There are 152 words in Tom Fitch’s paean, 271 words in the Gettysburg Address, and about 1300 words in the Declaration of Independence.
The staff report discussed in the previous editorial spent 7,629 words recommending that the City Council uphold an appeal of a Landmarks Commission nomination of a Craftsman bungalow for designation as a landmark.
As noted in the previous editorial, the staff’s case was ill-conceived, badly framed, and generally wrong-headed, and its flaws were only magnified by its length.
Given the willingness of the Council to do the staff’s bidding, a sentence or two probably would have done the job, and spared all of us the agony of having to read so much truly mediocre prose.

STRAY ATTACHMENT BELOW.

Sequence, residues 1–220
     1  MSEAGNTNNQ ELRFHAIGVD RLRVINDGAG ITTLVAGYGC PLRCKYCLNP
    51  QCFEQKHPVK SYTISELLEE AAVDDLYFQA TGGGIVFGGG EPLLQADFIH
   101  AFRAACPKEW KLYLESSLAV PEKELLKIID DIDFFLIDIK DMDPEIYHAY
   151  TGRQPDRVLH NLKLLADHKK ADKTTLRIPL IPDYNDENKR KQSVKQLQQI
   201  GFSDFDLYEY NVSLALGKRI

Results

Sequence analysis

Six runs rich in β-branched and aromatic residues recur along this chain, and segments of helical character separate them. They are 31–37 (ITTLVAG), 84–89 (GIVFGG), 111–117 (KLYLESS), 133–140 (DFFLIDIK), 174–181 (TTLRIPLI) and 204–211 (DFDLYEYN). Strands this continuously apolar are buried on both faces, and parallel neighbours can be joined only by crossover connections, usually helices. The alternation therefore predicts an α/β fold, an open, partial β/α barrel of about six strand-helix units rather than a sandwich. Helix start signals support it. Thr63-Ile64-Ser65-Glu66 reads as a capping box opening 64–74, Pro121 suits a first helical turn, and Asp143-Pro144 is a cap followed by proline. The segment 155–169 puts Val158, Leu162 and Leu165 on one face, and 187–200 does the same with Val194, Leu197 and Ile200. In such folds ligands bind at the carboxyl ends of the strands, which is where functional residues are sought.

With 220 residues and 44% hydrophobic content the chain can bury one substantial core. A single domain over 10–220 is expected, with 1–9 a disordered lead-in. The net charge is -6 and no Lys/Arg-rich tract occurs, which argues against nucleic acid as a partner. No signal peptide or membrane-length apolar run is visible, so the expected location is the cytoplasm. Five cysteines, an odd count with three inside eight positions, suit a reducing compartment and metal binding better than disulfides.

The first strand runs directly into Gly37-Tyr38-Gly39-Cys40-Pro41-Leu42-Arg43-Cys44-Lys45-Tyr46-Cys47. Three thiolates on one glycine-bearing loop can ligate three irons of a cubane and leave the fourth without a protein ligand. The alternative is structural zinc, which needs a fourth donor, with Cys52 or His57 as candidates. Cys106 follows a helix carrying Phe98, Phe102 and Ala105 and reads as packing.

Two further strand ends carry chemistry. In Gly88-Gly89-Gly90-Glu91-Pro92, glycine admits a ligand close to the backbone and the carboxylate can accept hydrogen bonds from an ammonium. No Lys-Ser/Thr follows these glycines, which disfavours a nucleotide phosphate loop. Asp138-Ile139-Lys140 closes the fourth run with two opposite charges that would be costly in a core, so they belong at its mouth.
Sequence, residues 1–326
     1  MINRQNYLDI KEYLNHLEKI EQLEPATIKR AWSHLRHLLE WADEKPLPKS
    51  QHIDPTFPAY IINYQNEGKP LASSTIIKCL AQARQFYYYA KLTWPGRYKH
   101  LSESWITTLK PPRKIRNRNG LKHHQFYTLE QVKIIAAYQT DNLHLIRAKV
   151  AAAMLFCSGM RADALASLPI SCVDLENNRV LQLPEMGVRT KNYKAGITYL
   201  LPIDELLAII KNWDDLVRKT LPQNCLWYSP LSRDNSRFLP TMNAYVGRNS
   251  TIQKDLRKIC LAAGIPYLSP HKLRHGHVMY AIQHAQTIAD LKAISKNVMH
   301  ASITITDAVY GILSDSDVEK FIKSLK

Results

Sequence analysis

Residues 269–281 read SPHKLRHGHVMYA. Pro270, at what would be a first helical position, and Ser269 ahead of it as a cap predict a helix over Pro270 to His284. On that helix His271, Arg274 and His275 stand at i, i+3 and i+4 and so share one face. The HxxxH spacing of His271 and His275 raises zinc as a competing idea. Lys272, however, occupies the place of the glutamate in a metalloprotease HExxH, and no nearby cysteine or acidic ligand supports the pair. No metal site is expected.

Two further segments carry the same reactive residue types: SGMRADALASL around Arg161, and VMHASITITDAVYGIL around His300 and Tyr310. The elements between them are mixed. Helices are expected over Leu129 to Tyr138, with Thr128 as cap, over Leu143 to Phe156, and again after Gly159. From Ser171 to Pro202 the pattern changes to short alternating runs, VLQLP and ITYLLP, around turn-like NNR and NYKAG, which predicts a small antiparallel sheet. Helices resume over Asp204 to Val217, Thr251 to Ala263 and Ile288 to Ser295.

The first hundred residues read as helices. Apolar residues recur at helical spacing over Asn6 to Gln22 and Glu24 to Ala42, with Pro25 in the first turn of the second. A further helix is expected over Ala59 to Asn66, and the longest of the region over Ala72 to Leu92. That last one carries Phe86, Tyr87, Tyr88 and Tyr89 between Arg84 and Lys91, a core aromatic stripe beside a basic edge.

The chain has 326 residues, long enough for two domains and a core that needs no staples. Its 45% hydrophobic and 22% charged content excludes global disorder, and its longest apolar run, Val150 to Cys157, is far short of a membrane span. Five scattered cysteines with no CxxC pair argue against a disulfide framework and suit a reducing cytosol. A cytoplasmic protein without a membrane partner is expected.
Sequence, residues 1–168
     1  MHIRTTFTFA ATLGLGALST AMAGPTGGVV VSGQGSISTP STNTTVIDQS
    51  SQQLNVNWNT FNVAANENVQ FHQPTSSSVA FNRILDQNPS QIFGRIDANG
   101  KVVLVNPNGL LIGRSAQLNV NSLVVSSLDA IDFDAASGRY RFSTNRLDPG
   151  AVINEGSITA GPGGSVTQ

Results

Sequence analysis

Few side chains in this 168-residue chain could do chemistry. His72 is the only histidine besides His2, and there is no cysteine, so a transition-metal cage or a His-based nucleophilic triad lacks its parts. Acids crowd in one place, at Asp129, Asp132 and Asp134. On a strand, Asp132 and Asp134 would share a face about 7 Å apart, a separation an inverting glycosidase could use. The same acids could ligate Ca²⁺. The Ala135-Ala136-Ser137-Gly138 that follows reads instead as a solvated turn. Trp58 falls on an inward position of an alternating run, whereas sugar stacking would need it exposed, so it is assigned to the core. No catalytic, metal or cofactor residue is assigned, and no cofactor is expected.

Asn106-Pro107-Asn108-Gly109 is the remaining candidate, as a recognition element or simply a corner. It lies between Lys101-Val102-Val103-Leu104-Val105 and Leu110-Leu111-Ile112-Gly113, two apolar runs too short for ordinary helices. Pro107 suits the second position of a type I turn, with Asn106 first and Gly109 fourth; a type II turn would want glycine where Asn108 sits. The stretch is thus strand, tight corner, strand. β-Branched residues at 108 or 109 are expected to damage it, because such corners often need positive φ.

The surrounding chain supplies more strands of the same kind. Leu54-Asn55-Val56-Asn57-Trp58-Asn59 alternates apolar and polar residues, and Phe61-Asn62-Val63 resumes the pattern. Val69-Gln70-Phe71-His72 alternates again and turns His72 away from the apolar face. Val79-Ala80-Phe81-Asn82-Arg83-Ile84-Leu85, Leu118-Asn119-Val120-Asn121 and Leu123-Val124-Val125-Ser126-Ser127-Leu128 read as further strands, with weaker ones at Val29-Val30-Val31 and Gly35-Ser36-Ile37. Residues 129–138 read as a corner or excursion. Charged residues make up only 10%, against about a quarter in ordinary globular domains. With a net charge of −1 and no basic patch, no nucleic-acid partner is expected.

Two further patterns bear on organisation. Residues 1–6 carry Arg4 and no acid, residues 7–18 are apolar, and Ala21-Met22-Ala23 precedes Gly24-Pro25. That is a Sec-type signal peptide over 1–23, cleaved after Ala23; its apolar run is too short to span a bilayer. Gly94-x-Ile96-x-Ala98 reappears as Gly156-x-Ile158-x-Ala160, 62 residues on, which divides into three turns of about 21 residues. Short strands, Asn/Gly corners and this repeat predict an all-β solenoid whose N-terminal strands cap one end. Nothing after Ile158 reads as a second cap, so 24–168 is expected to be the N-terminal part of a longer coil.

At the same meeting, the staff presented a new interim hedge ordinance to the City Council. It contained 6,678 words — an interim ordinance, for God’s sake, about hedges.
If Tom Fitch could declare Santa Monica open in 152 words and America could declare its independence in 1300 words, then surely the City staff could ask the City Council to uphold an appeal and approve an interim hedge ordinance in, say, about 1,000 words each.
But, in bureaucracies, documents are not measured by their brilliance, their passion or their eloquence, but by their sheer numbing length – because the point is to obscure the point, and keep the public in a perpetual state of bemused abeyance.
Council meetings have long been endurance contests, marathon sessions that run deep into the night, and swollen staff reports are part of the problem.Unfortunately, the more the words pile up and multiply in City Hall, the less they seem to mean, and the more they seem to be a kind of cover for all sorts of questionable actions.